The first identified 2′-O-methyltransferase responsible for Nm modification of small RNAs was the HUA ENHANCER 1 (HEN1) protein, discovered in Arabidopsis as a methylase for miRNAs and siRNAs [111, 121]. Subsequently, HEN1 homologs were found in other plants, as well as homologs that methylated piRNAs in animals, as well as AGO2-associated small RNAs in Drosophila [112, 122,123,124,125,126,127]. Studies have shown that HEN1 knockout or mutation in Arabidopsis leads to elevated levels of heterogeneous 3′-ends and poly-U, both features of which are known to disrupt RNA stability [110, 118], and which result in aberrant lengths as well as decreased levels of small RNAs, respectively. This phenotype is predicted to be associated with the role of enzymes responsible for 3′ uridylation of small RNAs, such as HEN1 SUPPRESSOR1 (HESO1) [116, 117] and UTP:RNA uridylyltransferase 1 (URT1) . For example, in Drosophila, loss of Pimet (HEN1 homolog) activity leads to deletion of Nm in piRNA and siRNA . In addition, mutations in the HEN1 gene accelerate neurodegeneration and shorten lifespan, suggesting that Nm of small RNAs may affect age-related signaling events within cells . In zebrafish, the absence of Hen1 (HEN1 homolog) results in a decrease in piRNA content within oocytes and a shortening of exonuclease-mediated piRNAs, which ultimately leads to oocyte loss and infertility . Collectively, these findings highlight the roles for HEN1 and its orthologs across a broad range of plant and animal model systems in stabilizing germline small RNAs, with species-specific consequences.
In mammals, the HEN1 homolog, HENMT1, plays an essential role in fertility. For example, in mice, loss of HENMT1 expression leads to piRNA instability, observed as reductions to piRNA volume and length, as well as developmental arrest of germ cells during the process of spermatogenesis. Particularly, loss of HENMT1 and the associated loss of piRNA collectively lead to defective meiosis and precocious and selective expression of haploid transcripts during meiosis . This finding shows that HENMT1 is critical to piRNA homeostasis in maintaining TE inhibition and spermatogenesis in germ cells . Of note, Nm modifications have also recently been detected in mature miRNAs in mammals. Different 3′-terminal Nm patterns of miRNAs, particularly miR-21-5p, have been reported in RNAs from non-small cell lung cancer cells from human subjects, as well as within cells of their paired normal tissue extracts. This methylation is reported to enhance the capacity for miR-21-5p to resist degradation by the polyribonucleotide nucleotidyltransferase enzyme PNPase 1 (PNPT1) which, in turn, leads to their prolonged loading onto AGO2 to form a complex that enhances the inhibition of expression of programmed cell death 4 (PDCD4) . This suggests that Nm modification of miRNA can enhance miRNA stability and prevent their degradation by enzymes such as PNTP1 .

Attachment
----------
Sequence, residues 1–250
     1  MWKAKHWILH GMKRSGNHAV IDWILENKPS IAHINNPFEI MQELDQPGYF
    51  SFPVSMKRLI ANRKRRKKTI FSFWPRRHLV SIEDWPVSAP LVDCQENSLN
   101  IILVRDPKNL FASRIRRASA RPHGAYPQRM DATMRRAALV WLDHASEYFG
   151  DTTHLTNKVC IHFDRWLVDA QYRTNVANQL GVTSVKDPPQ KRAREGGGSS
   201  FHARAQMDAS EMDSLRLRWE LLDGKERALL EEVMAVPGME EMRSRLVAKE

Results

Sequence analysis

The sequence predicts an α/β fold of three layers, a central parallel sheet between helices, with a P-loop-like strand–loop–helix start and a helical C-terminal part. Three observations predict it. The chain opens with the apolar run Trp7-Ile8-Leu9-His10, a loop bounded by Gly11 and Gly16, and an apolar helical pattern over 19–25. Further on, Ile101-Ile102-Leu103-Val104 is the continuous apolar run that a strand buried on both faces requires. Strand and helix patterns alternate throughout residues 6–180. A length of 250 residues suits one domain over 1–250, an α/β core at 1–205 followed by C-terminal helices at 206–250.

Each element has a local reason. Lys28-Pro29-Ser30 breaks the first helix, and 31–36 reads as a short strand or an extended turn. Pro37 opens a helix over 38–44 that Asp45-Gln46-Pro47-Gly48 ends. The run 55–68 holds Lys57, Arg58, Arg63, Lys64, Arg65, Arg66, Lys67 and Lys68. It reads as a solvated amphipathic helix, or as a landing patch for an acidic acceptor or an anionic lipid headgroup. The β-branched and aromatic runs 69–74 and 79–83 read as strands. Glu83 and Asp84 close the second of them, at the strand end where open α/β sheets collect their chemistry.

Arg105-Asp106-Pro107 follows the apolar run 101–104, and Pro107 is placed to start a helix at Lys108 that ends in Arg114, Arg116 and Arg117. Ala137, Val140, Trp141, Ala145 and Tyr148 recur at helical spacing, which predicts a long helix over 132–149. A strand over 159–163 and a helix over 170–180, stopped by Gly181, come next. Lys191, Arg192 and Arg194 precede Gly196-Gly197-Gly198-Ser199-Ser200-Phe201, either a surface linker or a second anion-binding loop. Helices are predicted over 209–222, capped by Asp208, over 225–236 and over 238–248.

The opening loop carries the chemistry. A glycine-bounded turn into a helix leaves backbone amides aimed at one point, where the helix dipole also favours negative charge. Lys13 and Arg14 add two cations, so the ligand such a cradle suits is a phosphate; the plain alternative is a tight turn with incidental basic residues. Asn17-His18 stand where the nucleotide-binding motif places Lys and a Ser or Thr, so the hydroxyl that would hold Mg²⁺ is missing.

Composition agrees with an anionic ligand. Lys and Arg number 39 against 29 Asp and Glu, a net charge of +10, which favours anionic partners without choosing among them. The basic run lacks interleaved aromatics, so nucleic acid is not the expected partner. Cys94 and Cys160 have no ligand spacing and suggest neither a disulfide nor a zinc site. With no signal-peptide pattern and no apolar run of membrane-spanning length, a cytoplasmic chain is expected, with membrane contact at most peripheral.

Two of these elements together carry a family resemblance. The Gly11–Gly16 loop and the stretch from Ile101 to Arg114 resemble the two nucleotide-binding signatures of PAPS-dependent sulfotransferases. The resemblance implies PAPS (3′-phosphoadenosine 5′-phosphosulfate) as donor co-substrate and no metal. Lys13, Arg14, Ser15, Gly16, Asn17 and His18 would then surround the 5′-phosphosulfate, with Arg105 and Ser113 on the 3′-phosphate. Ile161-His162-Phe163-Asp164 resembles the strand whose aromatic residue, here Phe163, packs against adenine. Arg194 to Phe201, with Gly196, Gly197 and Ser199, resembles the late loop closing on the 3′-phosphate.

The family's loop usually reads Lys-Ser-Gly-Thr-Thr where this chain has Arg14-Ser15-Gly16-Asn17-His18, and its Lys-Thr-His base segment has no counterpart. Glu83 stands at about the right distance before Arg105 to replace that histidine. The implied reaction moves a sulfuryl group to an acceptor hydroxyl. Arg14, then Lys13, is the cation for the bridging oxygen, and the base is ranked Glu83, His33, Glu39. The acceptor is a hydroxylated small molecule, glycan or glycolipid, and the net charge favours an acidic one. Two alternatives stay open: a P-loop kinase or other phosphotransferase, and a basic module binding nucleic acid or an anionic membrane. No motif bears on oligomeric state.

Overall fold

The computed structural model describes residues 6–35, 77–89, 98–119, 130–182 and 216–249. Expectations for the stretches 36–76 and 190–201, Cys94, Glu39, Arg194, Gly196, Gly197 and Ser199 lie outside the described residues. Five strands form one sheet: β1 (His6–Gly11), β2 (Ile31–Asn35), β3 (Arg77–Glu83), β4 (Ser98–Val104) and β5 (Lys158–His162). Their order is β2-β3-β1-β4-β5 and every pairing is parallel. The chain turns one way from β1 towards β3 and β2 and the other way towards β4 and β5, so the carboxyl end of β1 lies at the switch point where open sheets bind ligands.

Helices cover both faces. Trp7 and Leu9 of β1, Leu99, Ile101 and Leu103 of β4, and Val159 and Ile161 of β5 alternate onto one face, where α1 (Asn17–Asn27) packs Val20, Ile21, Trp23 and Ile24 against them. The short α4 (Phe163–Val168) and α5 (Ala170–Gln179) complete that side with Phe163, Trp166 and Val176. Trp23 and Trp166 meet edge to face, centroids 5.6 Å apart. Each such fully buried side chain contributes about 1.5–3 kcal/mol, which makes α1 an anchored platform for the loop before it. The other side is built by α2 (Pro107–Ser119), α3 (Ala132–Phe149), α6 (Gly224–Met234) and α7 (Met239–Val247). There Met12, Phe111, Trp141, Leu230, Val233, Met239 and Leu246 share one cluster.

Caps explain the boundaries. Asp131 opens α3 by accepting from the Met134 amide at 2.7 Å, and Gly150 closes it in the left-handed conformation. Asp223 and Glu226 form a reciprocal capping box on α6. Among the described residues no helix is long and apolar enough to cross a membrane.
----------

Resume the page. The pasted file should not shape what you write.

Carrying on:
In addition to HEN1, other 2′-O-methyltransferases, such as FTSJ1 and FBL, are also crucial for Nm modification on small RNAs and their functions. For instance, studies have shown that the reduction of human FTSJ1 orthologs-mediated tRNA Nm modification in Drosophila leads to small RNA pathway dysfunction and increased susceptibility to RNA virus infection. This phenomenon is also associated with small RNA-induced gene silencing pathways . FTSJ1-mediated Nm modification on tRNA also can effectively suppress DRAM1 expression, consequently inhibiting the progression of non-small cell lung cancer . Yi et al. discovered that EZH2 has a direct interaction with FBL, a 2′-O-methyltransferase, leading to an enhancement in the 2′-O-methylation of rRNA, which promotes the assembly of box C/D small nucleolar ribonucleoproteins and facilitates tumor cell translation . Overall, Nm modifications on tRNA play important roles in RNA silencing, translation and antiviral defense.
Another RNA modification is 5-Methylcytidine (m5C) in which the fifth carbon atom (C) of cytosine is methylated within RNAs . The highly conserved NSUN (NOL1/NOP2/Sun) domain family has been identified as specific enzymes responsible for m5C RNA modification [136, 137]. Also, the enzyme DNA methyltransferase 2 (DNMT2) has been found to catalyze the formation of m5C at position C38 of tRNAs (Fig. 4A) [136, 137].